So, to recap, if you are itching to contribute to D in some way that you know will have an impact, the latest Vision Document is the place to go for inspiration. As I write, that’s the 2016H2 document. If you have an idea for a new feature or improvement to the language, creating a DIP is the way to go (a future post here will say more about the DIP process). There are numerous other areas where contributions are welcome, like fixing or reporting bugs, reviewing PRs, and taking the initiative to contribute to the D process like Robert and Mihails have done.

If you don’t have the time, motivation, or inclination to contribute, that’s fine, too. Just keep in mind when you come to the forums to vent about one frustration or another (and please, feel free to do so) that much of what exists in the D ecosystem today, along with nearly every improvement that will come for the foreseeable future, is the result of someone in the community expending their own time and effort to make it so, usually with no financial incentive (the exception being bug bounties). Please let that knowledge color your perspective and your expectations. If you can’t, or won’t, work to resolve shortcomings in the language, the processes, or the ecosystem yourself, your goal in bringing them to the community should be to motivate someone else to do so. Not only will that increase the odds of fixing your issues, it will help all D users inch closer to the ultimate D Nirvana.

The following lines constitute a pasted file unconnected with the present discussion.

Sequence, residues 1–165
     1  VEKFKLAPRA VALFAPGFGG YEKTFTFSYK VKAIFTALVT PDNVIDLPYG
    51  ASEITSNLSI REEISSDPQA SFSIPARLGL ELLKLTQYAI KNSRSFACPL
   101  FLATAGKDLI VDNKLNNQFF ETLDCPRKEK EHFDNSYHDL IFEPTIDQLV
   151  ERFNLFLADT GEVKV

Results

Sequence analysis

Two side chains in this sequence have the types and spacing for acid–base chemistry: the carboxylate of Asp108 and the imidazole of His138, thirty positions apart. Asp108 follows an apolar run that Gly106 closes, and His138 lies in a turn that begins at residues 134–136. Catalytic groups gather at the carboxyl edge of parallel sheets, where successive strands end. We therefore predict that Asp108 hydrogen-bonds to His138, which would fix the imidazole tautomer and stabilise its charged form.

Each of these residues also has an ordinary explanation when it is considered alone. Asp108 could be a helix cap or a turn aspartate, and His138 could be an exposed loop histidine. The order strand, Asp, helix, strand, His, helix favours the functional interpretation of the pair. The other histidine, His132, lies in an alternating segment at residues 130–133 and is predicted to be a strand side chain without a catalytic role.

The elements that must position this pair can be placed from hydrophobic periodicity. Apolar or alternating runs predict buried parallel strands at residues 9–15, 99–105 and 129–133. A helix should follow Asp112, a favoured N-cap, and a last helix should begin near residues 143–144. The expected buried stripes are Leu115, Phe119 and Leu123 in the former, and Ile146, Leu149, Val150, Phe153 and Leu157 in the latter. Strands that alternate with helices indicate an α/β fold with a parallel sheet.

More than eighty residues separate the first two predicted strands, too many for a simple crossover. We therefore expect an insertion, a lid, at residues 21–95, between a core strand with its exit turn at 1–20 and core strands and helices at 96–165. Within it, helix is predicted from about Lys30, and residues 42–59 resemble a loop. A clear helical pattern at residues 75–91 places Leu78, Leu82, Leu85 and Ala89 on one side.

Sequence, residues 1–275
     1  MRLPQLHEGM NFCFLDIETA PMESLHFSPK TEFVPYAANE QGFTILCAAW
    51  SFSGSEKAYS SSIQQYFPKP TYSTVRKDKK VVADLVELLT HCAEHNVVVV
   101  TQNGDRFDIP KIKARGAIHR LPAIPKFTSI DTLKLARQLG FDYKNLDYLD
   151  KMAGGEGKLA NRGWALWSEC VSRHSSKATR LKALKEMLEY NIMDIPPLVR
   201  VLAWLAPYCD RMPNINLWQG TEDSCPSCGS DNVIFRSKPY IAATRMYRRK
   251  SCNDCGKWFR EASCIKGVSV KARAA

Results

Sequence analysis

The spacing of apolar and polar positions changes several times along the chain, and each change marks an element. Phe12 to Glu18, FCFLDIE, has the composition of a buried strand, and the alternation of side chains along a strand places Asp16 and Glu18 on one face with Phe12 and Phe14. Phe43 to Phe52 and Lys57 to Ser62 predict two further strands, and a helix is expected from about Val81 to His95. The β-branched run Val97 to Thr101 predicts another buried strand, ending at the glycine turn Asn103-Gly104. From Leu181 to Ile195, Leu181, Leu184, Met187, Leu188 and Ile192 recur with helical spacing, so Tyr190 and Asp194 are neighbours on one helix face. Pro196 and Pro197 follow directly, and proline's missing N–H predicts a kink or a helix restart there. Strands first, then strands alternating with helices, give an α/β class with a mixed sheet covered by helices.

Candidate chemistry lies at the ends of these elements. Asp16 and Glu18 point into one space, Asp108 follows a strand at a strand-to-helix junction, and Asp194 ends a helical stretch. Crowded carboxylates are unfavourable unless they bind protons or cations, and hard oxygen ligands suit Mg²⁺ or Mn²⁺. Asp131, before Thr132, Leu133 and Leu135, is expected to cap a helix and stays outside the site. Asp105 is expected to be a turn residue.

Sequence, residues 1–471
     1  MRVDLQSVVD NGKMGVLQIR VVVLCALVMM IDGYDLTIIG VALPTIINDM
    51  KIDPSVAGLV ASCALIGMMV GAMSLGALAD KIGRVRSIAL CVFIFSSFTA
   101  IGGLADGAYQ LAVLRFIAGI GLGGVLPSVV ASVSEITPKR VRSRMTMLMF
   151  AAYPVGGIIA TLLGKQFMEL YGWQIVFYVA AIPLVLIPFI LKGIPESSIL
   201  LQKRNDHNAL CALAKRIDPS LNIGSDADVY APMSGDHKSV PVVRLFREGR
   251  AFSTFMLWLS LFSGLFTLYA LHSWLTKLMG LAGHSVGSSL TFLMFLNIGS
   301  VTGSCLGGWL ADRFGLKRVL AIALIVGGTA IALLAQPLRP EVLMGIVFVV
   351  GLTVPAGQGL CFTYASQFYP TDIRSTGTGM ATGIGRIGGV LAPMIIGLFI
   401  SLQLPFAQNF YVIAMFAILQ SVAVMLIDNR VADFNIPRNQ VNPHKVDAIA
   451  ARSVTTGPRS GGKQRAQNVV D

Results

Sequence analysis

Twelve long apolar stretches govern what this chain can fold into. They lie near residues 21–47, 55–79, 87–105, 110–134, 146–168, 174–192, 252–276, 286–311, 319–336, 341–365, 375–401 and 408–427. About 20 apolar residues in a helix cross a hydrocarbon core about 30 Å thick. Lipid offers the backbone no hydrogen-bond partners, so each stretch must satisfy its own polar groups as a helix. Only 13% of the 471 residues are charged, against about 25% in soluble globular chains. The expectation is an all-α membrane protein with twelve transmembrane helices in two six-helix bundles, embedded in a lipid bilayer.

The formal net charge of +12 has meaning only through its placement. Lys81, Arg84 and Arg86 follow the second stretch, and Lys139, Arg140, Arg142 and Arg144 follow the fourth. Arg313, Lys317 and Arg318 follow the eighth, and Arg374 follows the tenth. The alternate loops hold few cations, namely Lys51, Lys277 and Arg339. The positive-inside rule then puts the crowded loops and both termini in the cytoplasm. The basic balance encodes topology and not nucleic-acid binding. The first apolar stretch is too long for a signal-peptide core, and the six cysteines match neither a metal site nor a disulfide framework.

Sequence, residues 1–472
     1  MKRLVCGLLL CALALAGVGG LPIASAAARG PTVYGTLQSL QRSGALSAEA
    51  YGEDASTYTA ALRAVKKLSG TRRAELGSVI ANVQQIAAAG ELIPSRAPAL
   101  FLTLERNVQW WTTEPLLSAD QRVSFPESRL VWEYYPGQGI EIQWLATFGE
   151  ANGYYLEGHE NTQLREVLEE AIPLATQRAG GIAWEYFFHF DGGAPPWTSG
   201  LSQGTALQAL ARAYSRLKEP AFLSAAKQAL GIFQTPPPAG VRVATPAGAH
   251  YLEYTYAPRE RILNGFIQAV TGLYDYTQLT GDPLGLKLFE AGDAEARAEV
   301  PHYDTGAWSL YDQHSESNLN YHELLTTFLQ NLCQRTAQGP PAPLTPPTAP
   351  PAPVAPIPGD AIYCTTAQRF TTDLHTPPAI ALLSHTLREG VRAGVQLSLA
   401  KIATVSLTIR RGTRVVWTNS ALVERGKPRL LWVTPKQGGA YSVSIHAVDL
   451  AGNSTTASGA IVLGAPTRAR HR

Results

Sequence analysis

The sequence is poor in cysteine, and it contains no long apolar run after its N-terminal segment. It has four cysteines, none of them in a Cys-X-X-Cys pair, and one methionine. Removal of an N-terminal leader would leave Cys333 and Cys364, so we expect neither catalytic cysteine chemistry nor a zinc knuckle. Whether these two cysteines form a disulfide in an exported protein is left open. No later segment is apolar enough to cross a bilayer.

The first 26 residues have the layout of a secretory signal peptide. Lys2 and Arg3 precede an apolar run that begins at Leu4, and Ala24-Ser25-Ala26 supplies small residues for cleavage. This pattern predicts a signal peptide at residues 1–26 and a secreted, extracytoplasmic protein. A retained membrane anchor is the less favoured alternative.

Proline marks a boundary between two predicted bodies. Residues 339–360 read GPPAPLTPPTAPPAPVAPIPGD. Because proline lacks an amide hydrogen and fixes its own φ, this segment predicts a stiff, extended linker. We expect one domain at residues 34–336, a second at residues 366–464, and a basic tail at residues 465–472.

The D Website and You

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For those who have been around the D community for a long time, it’s all too easy to look at the website we have today and think how much better it is than anything we’ve had in the past. It’s miles ahead. Unfortunately, that perspective doesn’t lend itself well to recognizing actual problems that newcomers might face when visiting the site for the first time. Their point of reference is quite often the current website of another language, making their perspective on what does and doesn’t work very different.